World Animal Protection increasingly concerned about fate of escaped serval in Eganville


This escape sheds light on the pressing issues of animal welfare and public safety in Ontario's wildlife facilities and the need for stricter regulations and oversight.

A month has passed since Gizmo the serval escaped from Waddles ‘n’ Wags in Eganville, Ontario, and World Animal Protection Canada is raising serious concerns over the wellbeing of the serval and the lack of transparency about the potential animal welfare violations that have been discovered at this facility.  

Unanswered questions: The raid at Waddles ‘n’ Wags 

Michèle Hamers, Wildlife Campaign Manager at World Animal Protection Canada, expressed deep concern: “It’s a heartbreaking story, a serval escapes just as Canadian winter arrives, severely reducing the likelihood for this animal to survive. However, the story isn't just about a single escaped serval. The silence surrounding the incident at Waddles ‘n’ Wags is alarming. The public deserves to know the full extent of what's happening in facilities where wild animals are held captive, especially when animals have been removed by provincial animal welfare enforcement officers.” 

Alarming findings at Waddles ‘n’ Wags: Indicative of broader issues in roadside zoos 

The recent raid and subsequent escape at Waddles ‘n’ Wags, which followed an investigation by World Animal Protection Canada into 11 under-regulated roadside zoos, brought to light several alarming issues at this particular roadside zoo: 

  • An American crocodile was found in an inappropriate habitat – a human swimming pool, devoid of adequate safety measures.
  • Cramped enclosures for an armadillo and an American crocodile, hindering their natural movement and behaviors.
  • Unhygienic conditions in most cages, where build-up of animal droppings and uneaten food was visible.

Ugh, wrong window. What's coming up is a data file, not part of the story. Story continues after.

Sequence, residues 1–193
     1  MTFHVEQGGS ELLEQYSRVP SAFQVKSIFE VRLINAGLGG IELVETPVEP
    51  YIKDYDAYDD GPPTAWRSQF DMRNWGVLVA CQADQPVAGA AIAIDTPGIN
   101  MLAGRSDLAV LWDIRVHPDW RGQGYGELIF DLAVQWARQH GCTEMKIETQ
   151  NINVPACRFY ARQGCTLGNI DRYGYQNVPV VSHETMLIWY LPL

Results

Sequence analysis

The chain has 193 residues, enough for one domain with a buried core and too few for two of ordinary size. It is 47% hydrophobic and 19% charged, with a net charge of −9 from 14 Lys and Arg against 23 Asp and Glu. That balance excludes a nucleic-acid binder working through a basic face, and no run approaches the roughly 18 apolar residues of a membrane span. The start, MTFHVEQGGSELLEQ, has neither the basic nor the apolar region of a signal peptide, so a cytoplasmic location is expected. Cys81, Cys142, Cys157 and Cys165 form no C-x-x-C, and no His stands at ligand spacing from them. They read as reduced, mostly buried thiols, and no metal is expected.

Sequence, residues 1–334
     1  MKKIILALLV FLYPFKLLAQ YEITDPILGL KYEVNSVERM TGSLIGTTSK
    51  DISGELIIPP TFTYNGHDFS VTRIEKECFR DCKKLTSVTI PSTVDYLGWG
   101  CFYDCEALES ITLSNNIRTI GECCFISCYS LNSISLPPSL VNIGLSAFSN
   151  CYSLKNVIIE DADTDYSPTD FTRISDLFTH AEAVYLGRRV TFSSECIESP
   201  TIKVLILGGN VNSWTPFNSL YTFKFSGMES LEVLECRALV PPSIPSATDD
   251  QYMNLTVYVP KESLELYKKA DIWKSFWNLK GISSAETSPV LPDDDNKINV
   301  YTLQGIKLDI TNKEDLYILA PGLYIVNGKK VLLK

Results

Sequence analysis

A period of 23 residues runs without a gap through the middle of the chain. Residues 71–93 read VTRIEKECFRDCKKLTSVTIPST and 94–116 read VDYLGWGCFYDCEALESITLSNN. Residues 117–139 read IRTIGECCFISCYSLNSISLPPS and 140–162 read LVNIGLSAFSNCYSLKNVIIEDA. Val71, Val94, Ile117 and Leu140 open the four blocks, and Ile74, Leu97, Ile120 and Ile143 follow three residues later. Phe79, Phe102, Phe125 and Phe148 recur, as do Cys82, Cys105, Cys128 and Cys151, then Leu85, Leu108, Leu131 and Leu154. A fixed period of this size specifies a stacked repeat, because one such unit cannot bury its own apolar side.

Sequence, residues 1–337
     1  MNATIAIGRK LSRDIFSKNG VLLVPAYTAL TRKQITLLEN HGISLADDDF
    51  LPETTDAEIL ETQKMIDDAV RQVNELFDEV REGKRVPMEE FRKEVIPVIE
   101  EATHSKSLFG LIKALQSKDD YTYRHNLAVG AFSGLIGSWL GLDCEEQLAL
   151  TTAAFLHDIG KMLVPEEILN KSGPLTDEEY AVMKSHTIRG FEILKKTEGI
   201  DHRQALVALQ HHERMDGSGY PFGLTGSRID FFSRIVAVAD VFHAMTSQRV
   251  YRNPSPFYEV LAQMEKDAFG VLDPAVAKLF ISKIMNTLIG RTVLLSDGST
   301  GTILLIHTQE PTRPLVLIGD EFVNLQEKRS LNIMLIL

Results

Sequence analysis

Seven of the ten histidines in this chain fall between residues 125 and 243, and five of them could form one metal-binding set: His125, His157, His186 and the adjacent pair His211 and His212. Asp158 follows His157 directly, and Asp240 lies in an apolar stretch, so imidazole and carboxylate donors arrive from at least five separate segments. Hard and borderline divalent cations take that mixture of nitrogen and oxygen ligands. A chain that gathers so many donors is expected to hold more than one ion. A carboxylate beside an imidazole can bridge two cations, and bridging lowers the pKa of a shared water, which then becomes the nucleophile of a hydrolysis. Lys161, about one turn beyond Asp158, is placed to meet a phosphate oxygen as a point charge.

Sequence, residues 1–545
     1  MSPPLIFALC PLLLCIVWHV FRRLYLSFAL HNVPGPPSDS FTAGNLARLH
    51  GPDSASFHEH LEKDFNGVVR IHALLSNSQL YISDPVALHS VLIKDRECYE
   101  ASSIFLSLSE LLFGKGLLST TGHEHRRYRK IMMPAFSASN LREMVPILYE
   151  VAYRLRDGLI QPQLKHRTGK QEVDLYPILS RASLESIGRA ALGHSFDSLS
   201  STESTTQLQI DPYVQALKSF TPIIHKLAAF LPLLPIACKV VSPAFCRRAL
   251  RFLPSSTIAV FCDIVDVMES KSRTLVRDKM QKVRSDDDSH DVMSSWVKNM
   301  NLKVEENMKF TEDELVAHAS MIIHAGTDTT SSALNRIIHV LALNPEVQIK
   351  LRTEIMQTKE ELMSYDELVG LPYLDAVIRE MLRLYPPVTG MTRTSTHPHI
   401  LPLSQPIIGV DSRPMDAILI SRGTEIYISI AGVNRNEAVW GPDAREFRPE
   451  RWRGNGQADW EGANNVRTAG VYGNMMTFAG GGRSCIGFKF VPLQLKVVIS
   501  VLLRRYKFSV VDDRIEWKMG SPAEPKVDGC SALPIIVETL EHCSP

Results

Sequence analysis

The PAWS Act: A call for enforcement and transparency 

“These findings are just the tip of the iceberg,” Hamers added. “We were thrilled to hear that action was taken, and animals were removed but questions remain unanswered about the fate of the confiscated animals during the raid and of those that weren’t, and if this roadside zoo is continued to be allowed to operate by inviting the public and acquiring new animals.” 

World Animal Protection Canada is urging the Ontario government to implement a mandatory provincial licensing system with rigorous compliance according to top-tier animal welfare, and public health and safety standards. The organization also calls for a gradual phase-out of animal collections in facilities that fail to meet these standards. 

As the search for the missing serval continues, the incident serves as a stark reminder that Ontario is home to many non-native wild species kept in abhorrent conditions across the province and that provincial regulations will be the only way to address this issue.

Speak out for captive wildlife in degrading roadside zoos

There is a critical situation in Ontario: due to a lack of provincial zoo regulations, there are over one thousand wild animals being held captive in degrading conditions.

Act now

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